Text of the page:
Legermuseum - Delft - The Netherlands

Address: Korte Geer 1, Delft (See map)
Telephone: +31 (0)15-2150500
Website: http://www.legermuseum.nl

Shop: shop present
Restaurant/refreshments: restaurant
Size of the museum/site: large
Year of visit: 2001, revisited in 2005, 2006

Overall rating:

Description: The bloody Indonesian struggle for independence, the Korean War and the joining and eventual breaking-up of the northern and southern Netherlands, are just a few examples of 'forgotten wars' that are greatly covered in the Legermuseum (in English: "Armymuseum"). Of course also the better known conflicts like the Second World War and the battle of Waterloo are dealt with. While most museums focus on just one part of history, this 'mammoth' tries to take it all on! And with great success: if you want to know about the full history of the Dutch armed forces, and all the conflicts Dutch soldiers participated in, the Legermuseum is the place to be.

The collection of the museum incorporates a lot of large vehicles. Not only tanks and jeeps, but also horse-drawn vehicles from before the Second World War are on display. Top-pieces include a very rare light Japanese tank and a Dutch field kitchen from the 1930's (see photos below). The museum has no shortage of uniforms, small arms, cannons, flags and personal objects either. Apart from the permanent collection the museum features two large areas for temporary expositions.

Throughout the entire exhibition you'll come across stunning dioramas with a very realistic look. The Korean soldiers for example, look like they could smash their way out of their display-case and come after you any minute! Another nice feature of the museum is the way weapons, handgrenades, mines, vehicles and other machines are cut open, so that you can see the inside and figure out how they work or how cramped they are. Our only moans are that you're not allowed to use flash-photography and that a lot of items on display are only accompanied by background-information in Dutch.

The Legermuseum, located in a 17th century weapon arsenal in the historic centre of Delft, is certainly worth visiting. Be sure you've got plenty of time when you enter the museum, because you'll need it to see the entire collection!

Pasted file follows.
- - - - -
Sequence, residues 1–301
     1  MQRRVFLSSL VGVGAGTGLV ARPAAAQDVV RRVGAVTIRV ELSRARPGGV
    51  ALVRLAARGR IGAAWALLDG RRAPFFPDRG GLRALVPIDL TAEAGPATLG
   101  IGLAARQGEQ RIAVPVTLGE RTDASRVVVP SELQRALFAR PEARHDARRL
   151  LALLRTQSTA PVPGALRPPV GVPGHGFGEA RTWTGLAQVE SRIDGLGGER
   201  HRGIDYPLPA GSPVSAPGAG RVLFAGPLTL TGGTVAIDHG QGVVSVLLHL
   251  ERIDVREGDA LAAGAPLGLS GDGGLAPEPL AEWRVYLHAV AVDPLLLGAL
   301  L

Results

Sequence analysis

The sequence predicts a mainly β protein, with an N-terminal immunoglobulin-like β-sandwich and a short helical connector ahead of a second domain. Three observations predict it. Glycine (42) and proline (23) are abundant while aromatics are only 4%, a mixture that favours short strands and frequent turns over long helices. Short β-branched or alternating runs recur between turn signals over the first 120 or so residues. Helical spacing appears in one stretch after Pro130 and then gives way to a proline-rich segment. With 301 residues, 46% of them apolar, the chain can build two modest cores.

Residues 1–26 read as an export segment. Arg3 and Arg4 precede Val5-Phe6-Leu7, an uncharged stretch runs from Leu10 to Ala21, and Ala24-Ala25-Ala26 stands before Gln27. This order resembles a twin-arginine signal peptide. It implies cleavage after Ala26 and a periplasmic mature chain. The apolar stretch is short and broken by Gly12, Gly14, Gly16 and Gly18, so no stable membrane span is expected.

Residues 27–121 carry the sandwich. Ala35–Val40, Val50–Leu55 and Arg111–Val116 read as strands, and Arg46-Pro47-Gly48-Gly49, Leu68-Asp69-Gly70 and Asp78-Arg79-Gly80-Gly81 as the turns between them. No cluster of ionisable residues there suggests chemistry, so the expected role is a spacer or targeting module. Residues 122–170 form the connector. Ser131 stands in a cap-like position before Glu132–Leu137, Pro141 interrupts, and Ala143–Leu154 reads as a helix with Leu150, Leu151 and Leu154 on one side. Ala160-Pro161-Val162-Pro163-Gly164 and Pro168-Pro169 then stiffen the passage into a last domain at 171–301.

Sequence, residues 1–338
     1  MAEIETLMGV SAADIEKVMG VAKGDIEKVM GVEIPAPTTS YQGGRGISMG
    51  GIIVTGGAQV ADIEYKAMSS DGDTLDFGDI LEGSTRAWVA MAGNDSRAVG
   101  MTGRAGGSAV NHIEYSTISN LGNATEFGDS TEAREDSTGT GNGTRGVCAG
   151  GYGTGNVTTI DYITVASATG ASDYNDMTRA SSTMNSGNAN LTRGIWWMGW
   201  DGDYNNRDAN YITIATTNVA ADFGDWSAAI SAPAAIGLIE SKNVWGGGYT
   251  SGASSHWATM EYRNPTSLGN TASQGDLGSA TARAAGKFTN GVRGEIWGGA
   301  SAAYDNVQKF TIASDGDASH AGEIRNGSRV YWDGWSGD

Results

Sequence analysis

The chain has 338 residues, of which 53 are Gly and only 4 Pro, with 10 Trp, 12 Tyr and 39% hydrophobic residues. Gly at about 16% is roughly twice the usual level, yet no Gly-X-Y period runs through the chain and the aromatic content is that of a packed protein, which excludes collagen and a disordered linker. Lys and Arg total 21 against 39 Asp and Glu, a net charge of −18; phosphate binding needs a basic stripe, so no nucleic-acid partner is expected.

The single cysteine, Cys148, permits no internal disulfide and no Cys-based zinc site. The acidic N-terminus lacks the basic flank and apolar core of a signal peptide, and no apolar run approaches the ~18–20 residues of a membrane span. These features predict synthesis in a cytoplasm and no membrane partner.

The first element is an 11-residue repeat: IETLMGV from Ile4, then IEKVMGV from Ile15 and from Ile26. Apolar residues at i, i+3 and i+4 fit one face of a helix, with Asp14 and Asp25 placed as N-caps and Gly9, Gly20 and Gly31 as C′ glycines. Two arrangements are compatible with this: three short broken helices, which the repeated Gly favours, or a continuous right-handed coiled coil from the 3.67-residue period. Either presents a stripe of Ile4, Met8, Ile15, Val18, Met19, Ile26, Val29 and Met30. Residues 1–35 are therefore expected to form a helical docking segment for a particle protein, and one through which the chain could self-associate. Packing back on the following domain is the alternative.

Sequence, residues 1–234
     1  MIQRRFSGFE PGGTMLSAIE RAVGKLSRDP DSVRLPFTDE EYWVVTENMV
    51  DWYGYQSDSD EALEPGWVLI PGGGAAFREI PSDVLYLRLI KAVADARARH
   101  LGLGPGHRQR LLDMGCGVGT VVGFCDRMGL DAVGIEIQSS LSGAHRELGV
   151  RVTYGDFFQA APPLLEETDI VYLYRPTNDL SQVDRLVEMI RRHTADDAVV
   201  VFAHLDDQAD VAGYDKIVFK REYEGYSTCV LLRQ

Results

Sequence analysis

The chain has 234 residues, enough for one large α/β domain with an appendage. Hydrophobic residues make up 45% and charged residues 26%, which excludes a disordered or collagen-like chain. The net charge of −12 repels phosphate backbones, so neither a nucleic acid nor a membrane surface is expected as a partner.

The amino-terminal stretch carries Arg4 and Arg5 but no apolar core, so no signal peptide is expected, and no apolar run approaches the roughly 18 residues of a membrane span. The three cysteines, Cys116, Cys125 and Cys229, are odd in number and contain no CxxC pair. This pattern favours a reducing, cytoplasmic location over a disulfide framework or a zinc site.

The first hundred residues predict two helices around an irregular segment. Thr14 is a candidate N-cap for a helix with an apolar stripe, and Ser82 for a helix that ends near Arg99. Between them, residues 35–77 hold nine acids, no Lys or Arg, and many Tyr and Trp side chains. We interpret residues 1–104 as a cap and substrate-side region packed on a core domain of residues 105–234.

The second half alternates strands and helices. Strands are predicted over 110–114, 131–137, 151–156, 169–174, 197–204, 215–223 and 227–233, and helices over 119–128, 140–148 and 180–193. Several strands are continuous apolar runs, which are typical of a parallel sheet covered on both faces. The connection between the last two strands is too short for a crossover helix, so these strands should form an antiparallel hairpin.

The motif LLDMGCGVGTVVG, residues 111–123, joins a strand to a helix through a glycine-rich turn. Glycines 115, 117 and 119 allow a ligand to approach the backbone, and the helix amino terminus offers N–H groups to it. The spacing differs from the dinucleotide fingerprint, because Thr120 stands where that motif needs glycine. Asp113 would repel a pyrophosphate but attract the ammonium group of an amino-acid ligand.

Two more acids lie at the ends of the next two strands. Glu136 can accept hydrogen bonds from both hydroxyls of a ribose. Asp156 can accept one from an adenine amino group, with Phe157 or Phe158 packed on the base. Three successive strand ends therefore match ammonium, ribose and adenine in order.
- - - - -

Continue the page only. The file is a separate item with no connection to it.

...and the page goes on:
American "Pine-apple" handgrenade sawn in half to show the inner parts. The Legermuseum features quite a lot weapons and machinery of which the visitor can view the inner workings.

Diorama of a scene during the "Tiendaagse Veldtocht", the campaign of 1831 in which forces from the northern parts of The Netherlands tried to subdue a full-scale uprising in the southern parts (present day Belgium). A portable oven is being used to heat up the cannonballs untill they were red hot, so that they would set fire to their target.

First ever machinegun used by the Dutch Army (hand-driven).

The museum has quite a lot of ancient cannons on display. Some are simply designed to maim and kill, others are real showpieces with carved wood and all sorts of decorations.

Field kitchen of the Dutch armed forces during the 1930's. This horse drawn kitchen was used by the Second Field Artillery Regiment.

Dutch B.S.A. motorcycle-combination from 1939, equipped with an air-cooled Lewis machinegun.

Great diorama of Dutch soldiers manning a 20mm Anti-Aircraft gun in the wake of the Second World War. The Dutch anti-aircraft defence had been neglected for a long time. Just before the outbreak of war this mistake was realised and in great haste and with financial aid from the civilian population, large amounts of new AA-guns were ordered.

A very unique piece in the museum's collection: A Japanese Light Tank from 1937 with an 'almost laughable' 7.7mm gun. It had a crew of only two, the gunner/commander and the driver. This particular tank had been left in the Dutch East Indies by the Japanese when they capitulated in 1945. It was then put to use by Indonesian freedom fighters in their struggle against the colonial rulers. The Dutch captured the tank in 1947 and shipped it to Holland.

The jeep of Prince Bernhard, who was commander of the Dutch armed forces that took part in the liberation of Europe during WWII. He used this jeep during his visits to Maastricht, Eindhoven and Zutphen on the days these cities were liberated.

Centurion MK5/2 Tank, in use by the Dutch army untill 1985. Allthough the Centurion had impressive fire-power (105mm gun), its big disadvantage was the limited range of action (only 50km off the road).